We know we need to improve our traditional school system, both public and private. But how? More homework? Better-qualified teachers? Longer school days or school years? More testing? More funding? No, no, no, no, and no. Montessori Madness! explains why the incremental steps politicians and administrators continue to propose are incremental steps in the wrong direction. The entire system must be turned on its head. This book asks parents to take a look - one thirty-minute observation- at a Montessori school. Your picture of what education should look like will never be the same. Montessori Madness! follows one family with young children on their journey of determination, discovery, and delight.
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This is the most easy to read, funniest, jaw dropping Montessori book I have read yet! Eissler explores everything and leave nothing untouched. The difference between Montessori and traditional school is brought into the spotlight and from his profound yet clear comparison, I think none can be left unmoved, or not inspired by the abundance of knowledge, research, history and personal stories to bring his point home. Every teacher, parent, school administrator, principal, needs to read this, but anyone who has been through the traditional public or private school system that picks this up will think it was well worth it!
I feel like I could write a book on every chapter in the book it is so incredibly groundbreaking yet at the same time so simple and obvious once you understand.
One quote I love from the book talking about what happened when Montessori, after observing 'idiot' (as they called them a century ago) children's needs, interests, what engaged them, developed a materials for accordingly. The result were incredible. They did as well and better than the 'normal' children at the standardized testing. Everyone praised her but all she could think was if she can do this with her idiot children, what on earth was the public system doing to hold back these 'normal' children so much from their great potential. And thus began the Montessori Method for normal children. This is what he wrote about it;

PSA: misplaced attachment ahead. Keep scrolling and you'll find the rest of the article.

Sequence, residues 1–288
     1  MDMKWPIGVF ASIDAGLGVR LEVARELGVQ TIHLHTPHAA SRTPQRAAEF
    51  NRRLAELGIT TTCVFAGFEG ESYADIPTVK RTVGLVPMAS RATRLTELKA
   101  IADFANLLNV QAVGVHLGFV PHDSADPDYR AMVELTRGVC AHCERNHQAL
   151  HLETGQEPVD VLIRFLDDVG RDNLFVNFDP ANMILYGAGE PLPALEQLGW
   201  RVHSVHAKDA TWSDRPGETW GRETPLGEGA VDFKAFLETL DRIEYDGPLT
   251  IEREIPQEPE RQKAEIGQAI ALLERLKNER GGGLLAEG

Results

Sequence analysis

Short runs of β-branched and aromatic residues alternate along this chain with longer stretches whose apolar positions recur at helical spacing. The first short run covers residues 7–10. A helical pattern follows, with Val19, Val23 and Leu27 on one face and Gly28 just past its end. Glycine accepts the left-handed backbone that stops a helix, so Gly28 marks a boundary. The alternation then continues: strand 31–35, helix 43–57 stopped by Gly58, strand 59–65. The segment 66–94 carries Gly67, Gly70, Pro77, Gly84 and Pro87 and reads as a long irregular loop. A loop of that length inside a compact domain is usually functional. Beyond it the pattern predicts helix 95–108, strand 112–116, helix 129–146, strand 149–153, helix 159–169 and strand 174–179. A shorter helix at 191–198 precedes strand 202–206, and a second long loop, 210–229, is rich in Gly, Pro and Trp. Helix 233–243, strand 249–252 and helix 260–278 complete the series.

Montessori’s solution was to give the teacher one task, which she must do above all else. The teacher must prepare the environment of the classroom in such a way as to allow the child to concentrate. That is, to concentrate freely on a self-chosen task for as long as his interest is held. The object of his concentration must “arouse such an interest that it engages the child’s whole personality.” To Montessori’s astonishment, such simple and intense concentration caused all the negative traits children exhibit to miraculously fade away. It is what Montessori called “the most important single result of our whole work.”
Once children are regularly choosing their work— freely, spontaneously, and without help—and once they are concentrating on that work for an extended period, they become what Montessori called “normalized.”
I could write about every chapter, but one other thing I found quite interesting is about error. How error in the Montessori classroom is welcomed, learned from, adjusted and perfected. Where as in the traditional school setting it is seen as an absolute. There is no "You got 60%, let's work through that 40% you didn't understand." this is it error is final it is a fail, a black mark. But that is not the way it is in society and that is not the way it is in life, we learn from our mistakes, we do it again and again, till we get it right. Eissler writes;